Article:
The impacts of dangerous climate change are a daily reality that we simply cannot ignore. Just ask people living in Texas, who have had to face extreme weather rainfall events and record flooding, or Californians who have had to deal with a crippling drought, or New Yorkers who suffered through Superstorm Sandy.
Fortunately, the Obama Administration has taken serious steps to address this growing crisis by reducing dangerous carbon pollution. The U.S. has committed to cutting our carbon pollution by 26 percent to 28 percent from 2005 levels by 2025. This target level, known as an “intended nationally determined contribution” (INDC), is an achievable goal because the President’s Climate Action Plan contains the tools necessary to get the job done. We have a decades-long record of success of our landmark environmental laws, such as the Clean Air Act which has been repeatedly upheld by the Supreme Court.
The Obama Administration has already taken significant steps toward reaching this target, including establishing new fuel economy and carbon standards for cars and heavy duty trucks, proposing to cut carbon pollution 30 percent from our power sector, and reducing carbon pollution from federal operations by 40 percent in 2025.
The U.S. has always been a leader among other nations, and we are leading the way to address dangerous climate change. We know that we must cut harmful air pollution to protect the health and welfare of the American people, and our resolve has brought other countries to the table to make their own domestic commitments to reduce carbon pollution.
Climate change is a global problem, and we are seeing progress on the international level. Two weeks ago, the G7 agreed to work with all countries to reduce carbon emissions by up to 70 percent by 2050.
Action by the Obama Administration prompted China to make its first-ever commitment to reduce carbon pollution --and already, coal use is down by 8 percent in China this year.
The E.U. has also pledged to reduce carbon pollution significantly, and developing countries, such as Mexico and South Korea, have come forward with their first ever commitments to control their carbon pollution. Already, countries covering over 60 percent of global carbon emissions have agreed to take action to cut carbon pollution, and other countries will soon join this effort before heading to Paris later this year.
Taking action globally to address the threat of climate change will not only help us avoid the worst impacts, but it will provide enormous health and economic benefits to the U.S. A recent peer-reviewed study by the EPA analyzes in detail the benefits of global action on climate change. According to this study, by the end of the century there will be:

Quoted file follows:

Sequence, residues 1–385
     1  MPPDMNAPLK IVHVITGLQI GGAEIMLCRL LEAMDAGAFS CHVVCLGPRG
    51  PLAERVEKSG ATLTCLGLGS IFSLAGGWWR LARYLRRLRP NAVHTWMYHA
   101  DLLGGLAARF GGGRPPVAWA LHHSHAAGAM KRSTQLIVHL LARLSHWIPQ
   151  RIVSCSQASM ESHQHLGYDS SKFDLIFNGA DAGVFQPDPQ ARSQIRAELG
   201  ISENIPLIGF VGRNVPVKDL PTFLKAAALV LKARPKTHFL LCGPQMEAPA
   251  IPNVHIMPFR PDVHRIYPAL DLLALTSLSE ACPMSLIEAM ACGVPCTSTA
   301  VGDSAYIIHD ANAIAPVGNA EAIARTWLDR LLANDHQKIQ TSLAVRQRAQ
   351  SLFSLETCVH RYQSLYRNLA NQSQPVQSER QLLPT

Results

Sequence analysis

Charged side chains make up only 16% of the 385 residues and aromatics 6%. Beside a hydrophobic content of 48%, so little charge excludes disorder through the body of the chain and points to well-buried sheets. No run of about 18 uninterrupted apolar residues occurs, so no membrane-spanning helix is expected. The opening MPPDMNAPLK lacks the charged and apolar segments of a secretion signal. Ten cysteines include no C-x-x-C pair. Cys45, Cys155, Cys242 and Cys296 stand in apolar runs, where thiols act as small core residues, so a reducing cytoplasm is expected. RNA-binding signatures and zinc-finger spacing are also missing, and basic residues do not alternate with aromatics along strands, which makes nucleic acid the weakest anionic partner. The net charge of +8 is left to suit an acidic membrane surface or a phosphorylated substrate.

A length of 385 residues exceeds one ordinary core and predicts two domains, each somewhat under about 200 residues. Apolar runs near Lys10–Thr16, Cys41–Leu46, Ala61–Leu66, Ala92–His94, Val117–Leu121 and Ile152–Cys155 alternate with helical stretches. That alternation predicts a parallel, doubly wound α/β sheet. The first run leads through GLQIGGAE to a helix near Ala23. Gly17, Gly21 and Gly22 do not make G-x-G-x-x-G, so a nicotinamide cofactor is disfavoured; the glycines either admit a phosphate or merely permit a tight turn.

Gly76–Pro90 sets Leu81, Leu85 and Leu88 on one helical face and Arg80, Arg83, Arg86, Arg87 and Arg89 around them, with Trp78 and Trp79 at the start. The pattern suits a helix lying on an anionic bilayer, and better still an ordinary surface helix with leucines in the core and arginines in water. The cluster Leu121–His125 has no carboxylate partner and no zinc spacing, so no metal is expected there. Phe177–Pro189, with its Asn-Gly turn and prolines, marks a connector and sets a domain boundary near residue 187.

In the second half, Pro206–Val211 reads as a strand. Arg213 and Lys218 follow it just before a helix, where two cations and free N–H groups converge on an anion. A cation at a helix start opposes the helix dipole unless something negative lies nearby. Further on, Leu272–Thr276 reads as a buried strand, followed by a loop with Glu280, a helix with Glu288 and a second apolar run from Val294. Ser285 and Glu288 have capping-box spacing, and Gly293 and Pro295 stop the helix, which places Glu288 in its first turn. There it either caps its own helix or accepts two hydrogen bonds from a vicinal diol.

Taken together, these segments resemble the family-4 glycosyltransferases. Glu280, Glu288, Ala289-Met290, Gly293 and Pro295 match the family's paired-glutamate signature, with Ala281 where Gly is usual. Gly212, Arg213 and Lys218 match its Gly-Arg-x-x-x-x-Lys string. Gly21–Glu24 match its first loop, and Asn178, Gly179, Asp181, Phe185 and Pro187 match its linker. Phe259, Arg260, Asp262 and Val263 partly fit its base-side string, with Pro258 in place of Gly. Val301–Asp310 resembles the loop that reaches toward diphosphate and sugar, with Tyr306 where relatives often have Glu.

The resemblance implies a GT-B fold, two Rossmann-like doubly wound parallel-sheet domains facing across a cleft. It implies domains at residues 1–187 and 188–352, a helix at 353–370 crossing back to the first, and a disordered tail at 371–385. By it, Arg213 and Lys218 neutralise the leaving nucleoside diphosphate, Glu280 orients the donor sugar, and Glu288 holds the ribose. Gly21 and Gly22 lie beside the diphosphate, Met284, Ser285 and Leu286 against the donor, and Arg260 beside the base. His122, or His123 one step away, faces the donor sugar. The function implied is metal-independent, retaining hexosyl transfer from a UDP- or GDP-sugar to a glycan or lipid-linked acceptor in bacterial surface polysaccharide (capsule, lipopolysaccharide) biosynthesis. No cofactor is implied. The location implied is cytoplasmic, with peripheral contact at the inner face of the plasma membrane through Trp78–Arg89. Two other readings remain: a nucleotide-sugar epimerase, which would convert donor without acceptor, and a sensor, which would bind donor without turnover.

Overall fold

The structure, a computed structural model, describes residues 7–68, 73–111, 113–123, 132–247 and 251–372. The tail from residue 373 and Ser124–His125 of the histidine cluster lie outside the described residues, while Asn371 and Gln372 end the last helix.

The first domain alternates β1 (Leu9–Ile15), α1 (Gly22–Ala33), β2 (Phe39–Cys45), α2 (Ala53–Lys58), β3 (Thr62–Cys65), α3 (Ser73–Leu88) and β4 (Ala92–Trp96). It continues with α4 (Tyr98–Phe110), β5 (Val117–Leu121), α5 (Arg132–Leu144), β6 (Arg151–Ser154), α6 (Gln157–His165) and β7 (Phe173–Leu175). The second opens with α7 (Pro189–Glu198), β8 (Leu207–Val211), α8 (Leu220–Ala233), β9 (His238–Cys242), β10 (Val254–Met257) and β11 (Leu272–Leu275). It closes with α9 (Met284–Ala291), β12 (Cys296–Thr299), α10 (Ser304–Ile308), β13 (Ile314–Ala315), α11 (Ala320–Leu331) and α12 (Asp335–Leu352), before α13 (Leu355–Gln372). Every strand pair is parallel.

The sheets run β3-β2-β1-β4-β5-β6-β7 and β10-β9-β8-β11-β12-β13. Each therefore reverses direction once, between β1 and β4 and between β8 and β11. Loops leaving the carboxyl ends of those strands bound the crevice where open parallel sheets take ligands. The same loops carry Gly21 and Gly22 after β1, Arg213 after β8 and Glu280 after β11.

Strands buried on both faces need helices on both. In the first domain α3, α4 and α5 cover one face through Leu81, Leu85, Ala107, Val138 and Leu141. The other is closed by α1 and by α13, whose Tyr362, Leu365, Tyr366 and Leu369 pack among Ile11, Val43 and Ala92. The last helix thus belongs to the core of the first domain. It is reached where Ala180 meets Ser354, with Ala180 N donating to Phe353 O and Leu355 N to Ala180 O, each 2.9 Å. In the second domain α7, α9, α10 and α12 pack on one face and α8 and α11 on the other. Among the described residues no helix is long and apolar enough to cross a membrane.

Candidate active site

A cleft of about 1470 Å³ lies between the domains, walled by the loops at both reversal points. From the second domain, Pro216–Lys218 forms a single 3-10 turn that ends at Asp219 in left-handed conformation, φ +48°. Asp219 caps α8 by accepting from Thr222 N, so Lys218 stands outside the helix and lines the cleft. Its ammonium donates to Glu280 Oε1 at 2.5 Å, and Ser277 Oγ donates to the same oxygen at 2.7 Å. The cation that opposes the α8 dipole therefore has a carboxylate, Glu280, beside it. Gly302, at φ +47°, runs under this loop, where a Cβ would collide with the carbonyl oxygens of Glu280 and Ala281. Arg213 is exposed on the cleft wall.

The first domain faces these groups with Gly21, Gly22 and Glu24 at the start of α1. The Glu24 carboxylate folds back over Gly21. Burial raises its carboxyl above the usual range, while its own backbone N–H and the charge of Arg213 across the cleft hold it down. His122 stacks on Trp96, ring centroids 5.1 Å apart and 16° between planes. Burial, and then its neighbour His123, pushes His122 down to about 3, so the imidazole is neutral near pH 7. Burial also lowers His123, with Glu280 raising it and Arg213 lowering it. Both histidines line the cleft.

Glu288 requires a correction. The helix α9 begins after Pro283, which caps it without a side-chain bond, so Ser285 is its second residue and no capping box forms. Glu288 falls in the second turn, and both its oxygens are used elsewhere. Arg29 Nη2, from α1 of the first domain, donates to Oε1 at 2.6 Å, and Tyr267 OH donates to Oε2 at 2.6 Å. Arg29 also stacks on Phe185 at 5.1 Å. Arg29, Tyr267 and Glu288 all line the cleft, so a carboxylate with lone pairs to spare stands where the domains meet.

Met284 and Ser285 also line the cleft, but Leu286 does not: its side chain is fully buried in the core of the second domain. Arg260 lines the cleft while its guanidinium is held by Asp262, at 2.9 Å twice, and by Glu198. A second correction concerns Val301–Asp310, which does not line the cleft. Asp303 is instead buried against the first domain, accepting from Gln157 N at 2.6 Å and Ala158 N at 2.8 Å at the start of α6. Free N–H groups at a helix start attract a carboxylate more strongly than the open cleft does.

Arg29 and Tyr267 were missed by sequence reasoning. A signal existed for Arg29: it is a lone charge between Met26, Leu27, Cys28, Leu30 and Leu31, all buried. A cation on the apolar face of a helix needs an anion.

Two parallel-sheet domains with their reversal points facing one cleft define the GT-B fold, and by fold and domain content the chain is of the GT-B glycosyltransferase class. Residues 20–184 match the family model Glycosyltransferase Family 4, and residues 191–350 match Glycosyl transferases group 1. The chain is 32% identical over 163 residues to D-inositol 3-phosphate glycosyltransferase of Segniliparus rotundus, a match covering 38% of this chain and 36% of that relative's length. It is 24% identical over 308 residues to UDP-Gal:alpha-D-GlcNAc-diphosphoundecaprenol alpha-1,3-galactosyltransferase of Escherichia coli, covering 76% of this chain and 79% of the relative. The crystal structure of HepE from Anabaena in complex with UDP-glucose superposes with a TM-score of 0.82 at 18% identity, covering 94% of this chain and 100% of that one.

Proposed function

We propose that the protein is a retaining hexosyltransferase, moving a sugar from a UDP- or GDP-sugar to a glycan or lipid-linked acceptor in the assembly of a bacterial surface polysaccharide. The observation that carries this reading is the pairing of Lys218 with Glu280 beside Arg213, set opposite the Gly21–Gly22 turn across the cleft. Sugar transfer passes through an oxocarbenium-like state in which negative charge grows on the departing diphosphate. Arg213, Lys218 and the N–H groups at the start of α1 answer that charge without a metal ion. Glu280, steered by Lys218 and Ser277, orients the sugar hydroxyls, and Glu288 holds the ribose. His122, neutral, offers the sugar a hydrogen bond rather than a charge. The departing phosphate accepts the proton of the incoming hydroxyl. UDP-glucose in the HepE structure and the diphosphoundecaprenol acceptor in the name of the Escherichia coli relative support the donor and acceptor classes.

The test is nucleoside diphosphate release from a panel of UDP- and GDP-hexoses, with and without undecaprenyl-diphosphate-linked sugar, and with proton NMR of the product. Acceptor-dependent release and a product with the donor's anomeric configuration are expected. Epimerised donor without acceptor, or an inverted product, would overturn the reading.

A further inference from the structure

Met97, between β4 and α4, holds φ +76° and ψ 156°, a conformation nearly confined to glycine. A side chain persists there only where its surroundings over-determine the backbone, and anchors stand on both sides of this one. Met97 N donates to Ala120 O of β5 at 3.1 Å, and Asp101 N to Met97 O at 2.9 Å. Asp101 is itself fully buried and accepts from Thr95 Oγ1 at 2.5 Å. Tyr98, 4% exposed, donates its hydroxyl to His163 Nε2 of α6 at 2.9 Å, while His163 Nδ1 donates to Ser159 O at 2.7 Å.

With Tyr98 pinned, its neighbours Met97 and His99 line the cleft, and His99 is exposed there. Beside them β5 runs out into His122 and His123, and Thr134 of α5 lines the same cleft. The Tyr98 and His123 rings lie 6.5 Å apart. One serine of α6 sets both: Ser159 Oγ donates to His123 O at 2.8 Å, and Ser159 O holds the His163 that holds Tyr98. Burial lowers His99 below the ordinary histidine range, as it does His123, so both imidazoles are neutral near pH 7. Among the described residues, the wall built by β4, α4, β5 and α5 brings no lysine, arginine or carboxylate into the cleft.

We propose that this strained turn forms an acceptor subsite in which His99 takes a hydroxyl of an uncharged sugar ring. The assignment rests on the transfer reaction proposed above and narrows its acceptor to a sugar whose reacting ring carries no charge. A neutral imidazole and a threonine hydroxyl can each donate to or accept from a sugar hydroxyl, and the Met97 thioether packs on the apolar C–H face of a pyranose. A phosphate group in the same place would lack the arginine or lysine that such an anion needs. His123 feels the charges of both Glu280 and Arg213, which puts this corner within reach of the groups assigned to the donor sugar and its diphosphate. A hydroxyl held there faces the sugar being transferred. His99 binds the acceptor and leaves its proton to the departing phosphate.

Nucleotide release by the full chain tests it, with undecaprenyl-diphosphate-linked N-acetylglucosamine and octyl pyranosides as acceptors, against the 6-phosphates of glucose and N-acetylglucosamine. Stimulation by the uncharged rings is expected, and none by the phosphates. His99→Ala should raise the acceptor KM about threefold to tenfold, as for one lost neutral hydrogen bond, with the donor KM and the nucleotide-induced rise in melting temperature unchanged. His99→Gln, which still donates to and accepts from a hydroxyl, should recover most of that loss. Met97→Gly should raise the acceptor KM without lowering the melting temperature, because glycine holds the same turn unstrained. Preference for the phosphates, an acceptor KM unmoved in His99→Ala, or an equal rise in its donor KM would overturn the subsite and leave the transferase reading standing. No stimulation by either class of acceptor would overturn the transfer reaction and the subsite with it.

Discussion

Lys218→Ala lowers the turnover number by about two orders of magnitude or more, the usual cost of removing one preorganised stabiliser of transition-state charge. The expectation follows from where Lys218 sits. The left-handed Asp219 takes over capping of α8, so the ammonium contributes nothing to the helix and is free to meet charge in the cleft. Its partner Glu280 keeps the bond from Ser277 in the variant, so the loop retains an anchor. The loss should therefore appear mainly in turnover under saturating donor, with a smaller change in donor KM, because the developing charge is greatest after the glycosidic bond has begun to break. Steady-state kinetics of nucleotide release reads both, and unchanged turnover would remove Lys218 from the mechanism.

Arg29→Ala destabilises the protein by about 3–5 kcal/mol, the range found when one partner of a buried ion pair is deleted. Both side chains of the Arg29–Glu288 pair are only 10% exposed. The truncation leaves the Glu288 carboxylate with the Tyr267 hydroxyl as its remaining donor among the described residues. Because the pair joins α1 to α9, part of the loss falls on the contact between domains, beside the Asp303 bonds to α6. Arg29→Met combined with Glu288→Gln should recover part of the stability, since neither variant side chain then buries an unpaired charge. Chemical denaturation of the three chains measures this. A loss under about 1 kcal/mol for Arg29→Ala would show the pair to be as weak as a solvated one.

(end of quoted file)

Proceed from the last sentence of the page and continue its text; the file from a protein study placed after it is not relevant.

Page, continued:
• 57,000 fewer death per year from poor air quality, with economic benefits valued at $930 billion;
• 12,000 fewer deaths per year from extreme heat and temperature changes;
• $180 billion per year in avoided damages from water shortages;
• $3 billion per year avoided damages from poor water quality;
• $11 billion per year avoided losses in our agricultural sector;
• 40-59 percent fewer severe and extreme droughts; and
• Almost 8 million fewer acres burned each year from wildfires.
While taking action to reduce our carbon pollution avoids these significant impacts in the future, it is also good for our economy today. A recent report by the New Climate Institute found that the policies in the U.S. INDC will result in the creation of 470,000 additional green jobs, compared to the status quo.
We have seen this type of success in my home state of California. California is on a path to cut its carbon pollution by 80 percent by 2050, as required under our greenhouse gas emissions law, A.B. 32. During the first year and half of my state’s cap and trade program, California added 491,000 jobs -- a growth of almost 3.3 percent, which outpaces the national growth rate of 2.5 percent.
I welcome the witnesses today and look forward to a discussion on how the Obama Administration’s actions to reduce dangerous carbon pollution are leading the world to address the climate crisis.